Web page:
Love Letter

15 years ago today my husband and I were married. I know this because it is in my calendar and a little message pops up on my smart phone screen the week before so I don’t forget. This is necessary because I did forget once. Spectacularly.

One morning my husband, who will be called long-suffering for purposes of this story, brought me my coffee in bed and handed me a little box with a bow on it. “What’s this?” I said as I opened it to find a ruby tennis bracelet and matching earrings. “Oh how lovely!” I said still completely baffled as to why I was receiving a random present. “Happy Anniversary” he said in a voice that defies description.

That was our 5th anniversary and I clearly had no clue, no present and no way of faking my way out of it. In my defense I have a hard time with dates. I am happy my birthday is a mid-decade year so I can quickly calculate how old I am when someone asks. It’s that bad.

I’ve had some gadget helping me remember important dates and events since they were first invented in the 1980’s. They were called Electronic Organizers then and were roughly the size of a kindle, but it remembered for me. From there it was a constant evolution of Palm products and iPhones until I now have a (highly annoying and buggy) cloud system syncing my calendar and contacts on my phone, my iPad, my desktop and my laptop. There is no such thing as too much calendar.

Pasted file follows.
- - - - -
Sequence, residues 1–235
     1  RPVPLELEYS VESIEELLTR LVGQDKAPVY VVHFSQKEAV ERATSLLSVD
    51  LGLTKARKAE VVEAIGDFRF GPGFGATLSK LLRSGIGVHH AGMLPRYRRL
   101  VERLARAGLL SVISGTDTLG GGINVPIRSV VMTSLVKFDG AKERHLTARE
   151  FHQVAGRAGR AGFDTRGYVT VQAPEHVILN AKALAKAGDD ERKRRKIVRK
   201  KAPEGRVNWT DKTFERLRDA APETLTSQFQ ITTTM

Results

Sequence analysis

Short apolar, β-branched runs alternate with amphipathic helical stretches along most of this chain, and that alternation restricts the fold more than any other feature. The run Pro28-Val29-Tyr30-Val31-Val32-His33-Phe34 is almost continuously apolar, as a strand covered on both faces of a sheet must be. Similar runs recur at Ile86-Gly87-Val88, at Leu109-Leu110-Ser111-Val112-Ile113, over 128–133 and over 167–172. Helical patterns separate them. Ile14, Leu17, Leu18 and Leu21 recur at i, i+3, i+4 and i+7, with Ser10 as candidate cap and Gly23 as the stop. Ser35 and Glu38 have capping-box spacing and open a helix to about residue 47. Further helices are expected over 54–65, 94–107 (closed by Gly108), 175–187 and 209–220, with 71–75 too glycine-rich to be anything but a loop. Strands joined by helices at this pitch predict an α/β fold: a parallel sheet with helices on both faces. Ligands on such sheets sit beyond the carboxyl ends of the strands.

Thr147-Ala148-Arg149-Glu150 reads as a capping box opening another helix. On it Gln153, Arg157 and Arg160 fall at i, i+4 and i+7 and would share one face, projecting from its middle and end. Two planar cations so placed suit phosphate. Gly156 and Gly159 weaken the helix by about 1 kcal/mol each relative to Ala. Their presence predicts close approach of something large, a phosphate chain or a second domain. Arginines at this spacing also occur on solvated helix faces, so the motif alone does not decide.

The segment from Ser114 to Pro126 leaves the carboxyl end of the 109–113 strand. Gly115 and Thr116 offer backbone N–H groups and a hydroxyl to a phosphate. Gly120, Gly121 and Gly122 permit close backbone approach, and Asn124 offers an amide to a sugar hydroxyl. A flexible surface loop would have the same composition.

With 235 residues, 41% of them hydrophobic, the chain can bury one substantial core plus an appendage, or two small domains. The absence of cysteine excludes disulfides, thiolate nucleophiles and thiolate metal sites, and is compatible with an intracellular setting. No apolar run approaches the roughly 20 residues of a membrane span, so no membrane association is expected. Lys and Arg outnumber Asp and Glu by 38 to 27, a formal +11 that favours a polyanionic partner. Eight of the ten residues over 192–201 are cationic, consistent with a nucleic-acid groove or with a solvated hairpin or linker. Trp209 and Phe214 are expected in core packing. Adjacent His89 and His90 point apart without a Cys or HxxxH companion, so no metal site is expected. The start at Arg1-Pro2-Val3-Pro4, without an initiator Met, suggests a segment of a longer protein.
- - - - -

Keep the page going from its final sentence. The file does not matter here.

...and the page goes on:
This is, however, not a love letter to my iPhone or simply a reminder to readers that I am highly skilled at tangents, it is a brief reflection on my marriage.

I never thought I would get married because I think it is a permanent decision and how could I ever find someone who, a) I liked enough to consider marrying, b) liked me enough to consider it as well, and, c) would tolerate my zero tolerance policy on divorce and cheating. Well super powers prevailed and the only man I ever referred to as “my boyfriend” became the man I call my husband.

The actual getting married was traumatic because we were trying to be elegant and frugal and inclusive of various family members, and somehow work in something for my Catholic family and something for his Jewish family, and who knows if it all worked or mattered in the end.

I wrote some obnoxious vows about marriage being an institution of women’s oppression and then cried during the whole thing. I cry easily – TV commercials, feel good movies, you name it, I’ll cry at it – so the love and happiness on my soon-to-be-husbands face during the ceremony made me cry. He told me later that I gave him a moment of panic because he thought I had changed my mind. Not a chance.

People talk about the various trials of marriage and relationships, how you grow together or apart, tests of patience and fortitude and so on, but I think it boils down to what Olivia Harrison said when asked how she and George stayed together for 23 years – “Don’t get divorced”.

So Happy Anniversary to the man I won’t divorce. I would do it all again. Sans crying.

Give a listen to my favorite track from the George Harrison album (yes album) that was my present this year.

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